AMY GOODMAN: I wanted to go back to the global issue, the effect of the pandemic on the poorest countries of the world. I mean, this has laid bare how interconnected we are. And yet we have, in this week, when we see that Iran is suffering a level of this pandemic and a level of deaths that is just horrifying, that Pompeo, the secretary of state, announces an increased stranglehold, economic stranglehold, on Iran. And you see, for example, with the CDC being cut, the pandemic task force, one of the roles of these health agencies is to be a medical sleuth when there is a pandemic, to send people out to other countries, because the U.S. was prized as, you know, one of the wealthiest countries in the world and could afford to find out what was happening and help. We have, it seems, certainly moved away from that role. But the effect of this pandemic, what it will mean for the poorest countries?

JOSEPH STIGLITZ: Well, first, let me say that, you know, the viruses don’t carry passports. They don’t obey any visa requirements. Global health is a global public good. And if there are these viruses festering in any country around the world, those viruses will go beyond that, that country. So, we are at risk if there is any hot spot in the world. So, this kind of viciousness that we saw from Pompeo is actually not in our self-interest. It’s nasty. It’s brutish. It’s a lack of humanity. But it’s also a lack of concern, lack of knowledge about the nature of global pandemics. So, in that sense, it was so shortsighted.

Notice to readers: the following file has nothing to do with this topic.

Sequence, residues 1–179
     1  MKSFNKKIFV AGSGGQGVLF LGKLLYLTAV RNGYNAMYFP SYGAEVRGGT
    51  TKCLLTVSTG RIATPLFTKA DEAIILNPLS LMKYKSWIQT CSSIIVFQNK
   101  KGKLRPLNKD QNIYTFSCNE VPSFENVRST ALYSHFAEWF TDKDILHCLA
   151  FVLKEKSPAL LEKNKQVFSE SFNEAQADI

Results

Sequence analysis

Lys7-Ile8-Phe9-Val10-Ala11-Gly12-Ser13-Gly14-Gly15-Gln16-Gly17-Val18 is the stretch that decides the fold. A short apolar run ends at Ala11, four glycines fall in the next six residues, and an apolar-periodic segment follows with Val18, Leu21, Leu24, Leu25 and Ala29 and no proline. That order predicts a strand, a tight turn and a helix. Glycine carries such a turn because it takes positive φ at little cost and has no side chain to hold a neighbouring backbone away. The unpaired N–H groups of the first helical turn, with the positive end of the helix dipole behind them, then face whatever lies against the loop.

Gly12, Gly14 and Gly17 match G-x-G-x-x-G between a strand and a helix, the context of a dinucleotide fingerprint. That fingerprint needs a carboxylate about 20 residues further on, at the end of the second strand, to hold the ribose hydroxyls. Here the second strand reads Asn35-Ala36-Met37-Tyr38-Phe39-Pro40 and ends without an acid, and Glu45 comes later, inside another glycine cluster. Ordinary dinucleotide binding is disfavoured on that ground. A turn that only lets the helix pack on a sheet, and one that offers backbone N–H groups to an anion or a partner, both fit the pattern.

But there is a broader issue with developing countries and emerging markets. They don’t have the resources to deal with it. And we, as a country, need to help them. The world community needs to be ready to provide assistance. And the question is: How do we do that in the context where every country is going to be running very large deficits? Before the crisis, because of the [inaudible] tax bill that was passed in December 2017, where the benefits went to the billionaires and the corporations, we’re running a $1 trillion deficit. And Trump is now proposing to move that towards a $2 trillion to $3 trillion deficit. The result of this is, I’m afraid, going to be a lack of generosity. But interestingly, we have a mechanism already in place, if we invoke it, and that’s called the special drawing rights at the IMF. It’s basically, the IMF can act as a lender of last resort and could create money, in the same way that the Fed does within our country. And I think it’s time that we begin to think about invoking those powers to provide the money for emerging markets in developing countries.

AMY GOODMAN: Finally, your book is called People, Power and Profits: Progressive Capitalism for an Age of Discontent. How does progressive capitalism differ from Bernie Sanders’ democratic socialism?

JOSEPH STIGLITZ: Well, actually, it’s not that much difference. It’s words. I think what I try to do in my book, that’s a little bit different from what Bernie has emphasized in his campaign, is to try to diagnose this from a systemic point of view. Yes, there are important programs of the kind that Bernie has emphasized — healthcare for all, making sure that everybody has access to a university education without getting into enormous debt, having a secure retirement, ensuring that we do something — that we have a Green New Deal. All these are constituents. But we also need a systemic approach to realize that we have excessive monopoly power. And that’s why the word “power” is in the title. We’ve had excessive financialization. We’ve had mismanaged globalization.